Skip to content

Precision GPS

A handheld GPS device like you carry on a hike might give you your coordinates plus-or-minus 3 meters (or 10 feet). But a geodetic GPS station knows its location within about a centimeter (less than half an inch) and can measure gradual changes of just a millimeter per year. This increased precision is part hardware, and part calculation.

These stations consist of solar panels, batteries and electronics in a steel cabinet, and a distinctive antenna with a dome-shaped cover. The antenna is mounted on legs that are driven or drilled into the ground, providing a rock-solid base that only moves when the Earth does. 

display GPS station indoors, opened to expose components
This display GPS station shows the antenna on the right (cut in half to expose the components) and the enclosure on the left, including solar panels, batteries, power controls, the GPS receiver, and a cell modem. (Photo: Scott Johnson/EarthScope)

That specialized antenna does an excellent job of picking up signals from navigation satellites—whether from the US-operated GPS satellites or other GNSS constellations like Russia’s GLONASS and China’s BeiDou satellites. Inside the cabinet, a small device called a receiver uses those signals to calculate the antenna’s distance from each satellite, working out its exact position in three-dimensional space.

Part of the increased accuracy of this setup comes from the simple fact that the station is, well, stationary. The error bars on your position (like plus-or-minus 10 feet) are caused by a number of factors, including atmospheric conditions that refract the satellite signal, delaying its arrival at your antenna. By averaging many position measurements over time, the error bars are progressively reduced. Using multiple navigation satellite constellations speeds this process up since there are more satellite signals to use at a time.

But geodetic GPS instruments also have an important trick up their sleeve. They don’t just use the digital data broadcast by satellites—they also analyze the radio frequency signal used to carry the data. The message a satellite broadcasts relays its position and the exact time, allowing the receiver to calculate its distance from the satellite based on the length of time the signal took to travel. Because this chunk of information takes a chunk of time to fully transmit, this can only be used to calculate position to within about a meter.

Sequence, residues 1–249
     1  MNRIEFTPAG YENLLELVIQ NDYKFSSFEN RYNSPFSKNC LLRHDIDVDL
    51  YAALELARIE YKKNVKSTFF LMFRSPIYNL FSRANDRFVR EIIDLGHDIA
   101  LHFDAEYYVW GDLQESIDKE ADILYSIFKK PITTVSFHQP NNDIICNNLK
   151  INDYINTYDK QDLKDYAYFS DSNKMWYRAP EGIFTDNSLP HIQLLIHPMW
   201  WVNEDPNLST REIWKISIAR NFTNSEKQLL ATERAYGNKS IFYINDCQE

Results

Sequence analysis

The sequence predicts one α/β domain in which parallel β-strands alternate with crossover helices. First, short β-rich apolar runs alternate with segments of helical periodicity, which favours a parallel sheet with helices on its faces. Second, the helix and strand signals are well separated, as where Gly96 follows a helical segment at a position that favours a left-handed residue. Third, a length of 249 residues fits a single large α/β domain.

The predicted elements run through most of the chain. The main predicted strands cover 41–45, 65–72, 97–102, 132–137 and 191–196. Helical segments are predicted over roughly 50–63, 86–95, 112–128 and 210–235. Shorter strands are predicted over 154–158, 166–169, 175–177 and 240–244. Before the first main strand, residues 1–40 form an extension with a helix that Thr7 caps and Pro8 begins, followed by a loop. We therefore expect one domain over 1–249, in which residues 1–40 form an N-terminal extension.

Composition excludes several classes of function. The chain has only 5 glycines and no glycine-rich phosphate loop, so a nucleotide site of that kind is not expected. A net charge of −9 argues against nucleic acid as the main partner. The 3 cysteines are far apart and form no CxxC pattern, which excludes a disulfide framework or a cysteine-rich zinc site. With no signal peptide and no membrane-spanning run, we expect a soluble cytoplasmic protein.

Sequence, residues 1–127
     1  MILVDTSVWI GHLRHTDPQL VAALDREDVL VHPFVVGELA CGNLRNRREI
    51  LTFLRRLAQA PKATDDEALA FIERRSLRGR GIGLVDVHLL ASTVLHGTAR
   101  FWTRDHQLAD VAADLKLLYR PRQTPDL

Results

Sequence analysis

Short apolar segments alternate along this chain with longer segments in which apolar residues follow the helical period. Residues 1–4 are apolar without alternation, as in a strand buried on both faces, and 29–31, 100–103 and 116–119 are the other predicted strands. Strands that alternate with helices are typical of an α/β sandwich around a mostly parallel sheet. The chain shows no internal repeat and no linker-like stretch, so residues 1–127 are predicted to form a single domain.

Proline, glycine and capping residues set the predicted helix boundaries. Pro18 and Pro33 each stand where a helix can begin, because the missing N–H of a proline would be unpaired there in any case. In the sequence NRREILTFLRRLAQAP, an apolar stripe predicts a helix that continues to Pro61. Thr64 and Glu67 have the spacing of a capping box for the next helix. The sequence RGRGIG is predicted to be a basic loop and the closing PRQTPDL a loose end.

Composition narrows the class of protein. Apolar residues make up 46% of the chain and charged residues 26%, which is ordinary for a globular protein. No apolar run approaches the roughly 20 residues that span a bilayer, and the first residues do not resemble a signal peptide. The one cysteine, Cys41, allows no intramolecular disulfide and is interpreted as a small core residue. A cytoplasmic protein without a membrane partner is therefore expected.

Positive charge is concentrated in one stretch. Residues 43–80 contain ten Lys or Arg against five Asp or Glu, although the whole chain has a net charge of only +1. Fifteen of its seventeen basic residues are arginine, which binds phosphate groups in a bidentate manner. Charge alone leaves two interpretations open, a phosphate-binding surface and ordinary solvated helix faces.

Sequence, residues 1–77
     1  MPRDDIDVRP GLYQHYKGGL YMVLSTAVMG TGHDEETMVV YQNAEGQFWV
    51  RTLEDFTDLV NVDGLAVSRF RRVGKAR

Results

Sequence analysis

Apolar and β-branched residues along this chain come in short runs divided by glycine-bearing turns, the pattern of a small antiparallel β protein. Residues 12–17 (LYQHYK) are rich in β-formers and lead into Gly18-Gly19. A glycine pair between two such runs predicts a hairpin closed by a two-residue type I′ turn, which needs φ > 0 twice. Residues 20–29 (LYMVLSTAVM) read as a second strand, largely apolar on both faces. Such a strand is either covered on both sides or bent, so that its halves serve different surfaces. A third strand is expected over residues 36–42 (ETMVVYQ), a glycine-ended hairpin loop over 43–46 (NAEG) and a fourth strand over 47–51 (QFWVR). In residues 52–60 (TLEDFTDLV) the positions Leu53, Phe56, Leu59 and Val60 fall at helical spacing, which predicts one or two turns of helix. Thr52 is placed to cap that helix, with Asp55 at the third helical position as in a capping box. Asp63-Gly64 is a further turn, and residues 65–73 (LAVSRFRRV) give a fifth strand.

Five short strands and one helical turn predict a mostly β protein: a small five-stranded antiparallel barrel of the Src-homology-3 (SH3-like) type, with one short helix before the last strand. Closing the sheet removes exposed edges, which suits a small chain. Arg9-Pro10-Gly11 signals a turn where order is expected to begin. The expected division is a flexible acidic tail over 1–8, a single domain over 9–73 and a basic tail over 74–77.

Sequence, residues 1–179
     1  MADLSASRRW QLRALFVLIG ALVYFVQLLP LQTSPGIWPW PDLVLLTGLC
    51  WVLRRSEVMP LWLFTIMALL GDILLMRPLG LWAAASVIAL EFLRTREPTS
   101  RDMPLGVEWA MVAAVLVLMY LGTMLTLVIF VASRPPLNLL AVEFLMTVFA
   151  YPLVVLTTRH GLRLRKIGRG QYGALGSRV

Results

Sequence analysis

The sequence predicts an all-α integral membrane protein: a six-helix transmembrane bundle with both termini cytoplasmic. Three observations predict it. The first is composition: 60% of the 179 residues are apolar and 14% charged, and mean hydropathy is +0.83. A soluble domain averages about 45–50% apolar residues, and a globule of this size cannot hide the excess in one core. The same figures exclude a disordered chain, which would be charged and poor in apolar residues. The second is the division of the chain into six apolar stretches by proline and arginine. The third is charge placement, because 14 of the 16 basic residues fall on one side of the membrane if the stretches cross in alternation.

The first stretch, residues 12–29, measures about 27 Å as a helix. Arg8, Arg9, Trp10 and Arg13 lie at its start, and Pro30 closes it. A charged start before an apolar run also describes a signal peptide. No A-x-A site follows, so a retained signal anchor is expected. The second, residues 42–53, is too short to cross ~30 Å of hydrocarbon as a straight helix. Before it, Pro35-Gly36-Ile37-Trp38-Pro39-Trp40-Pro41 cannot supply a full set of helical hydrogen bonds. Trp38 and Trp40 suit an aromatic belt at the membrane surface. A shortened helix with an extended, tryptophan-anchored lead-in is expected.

The radio signal carrying that information is an oscillating sine wave with a frequency over 1 billion cycles per second. By counting the cycles from the start of a message, and measuring the phase within a cycle, the receiver can use much finer slices of time to calculate distance to satellites more precisely.

infographic showing that the signal reaching a GPS station can be used to study ionospheric and atmospheric conditions, or after reflecting off the surface, snow depth, water heights, soil moisture, or vegetation
Everything that affects the signal reaching a GPS station can be studied on its own. (Credit: EarthScope)

GPS position data can also be processed after the fact to improve accuracy. Tiny corrections to the synchronization of the clocks onboard the satellites, and to the satellite’s exact orbit, can tighten up the previous day’s position calculations, for example. Because distance from the satellite is calculated based on the time it took the signal—traveling at the speed of light—to reach your antenna, just a single nanosecond difference between the satellite clocks and ground clocks can throw your estimated position off by about 30 centimeters (or 1 foot). Adjusting any such clock mismatches in past data can remove those errors.

These “final” corrections are made available weekly, but other techniques can be used to get close to that level of accuracy in real time.

A technique called Precise Point Positioning streams estimated corrections to the receiver, applying them to position calculations in the moment. While these aren’t quite as exact as the final corrections, they have a similar effect, reducing the variability of data points so the true position can be measured more precisely.

The Real Time Kinematic technique is slightly different, and is often used when you have a smaller “rover” instrument you are moving around with. This technique uses the nearest stationary instruments (perhaps permanent stations in a network) as a reference. The idea is that the rover and reference instruments are affected by the same atmospheric and ionospheric errors, but the reference instrument’s true position is known much more accurately since there are so many data points to average. That allows the rover to apply a correction based on the reference station in real time.

These are all ways that geodetic GPS measurements differ from the output of simpler handheld navigation devices, resulting in the precision that allows us to study incredibly subtle Earth processes.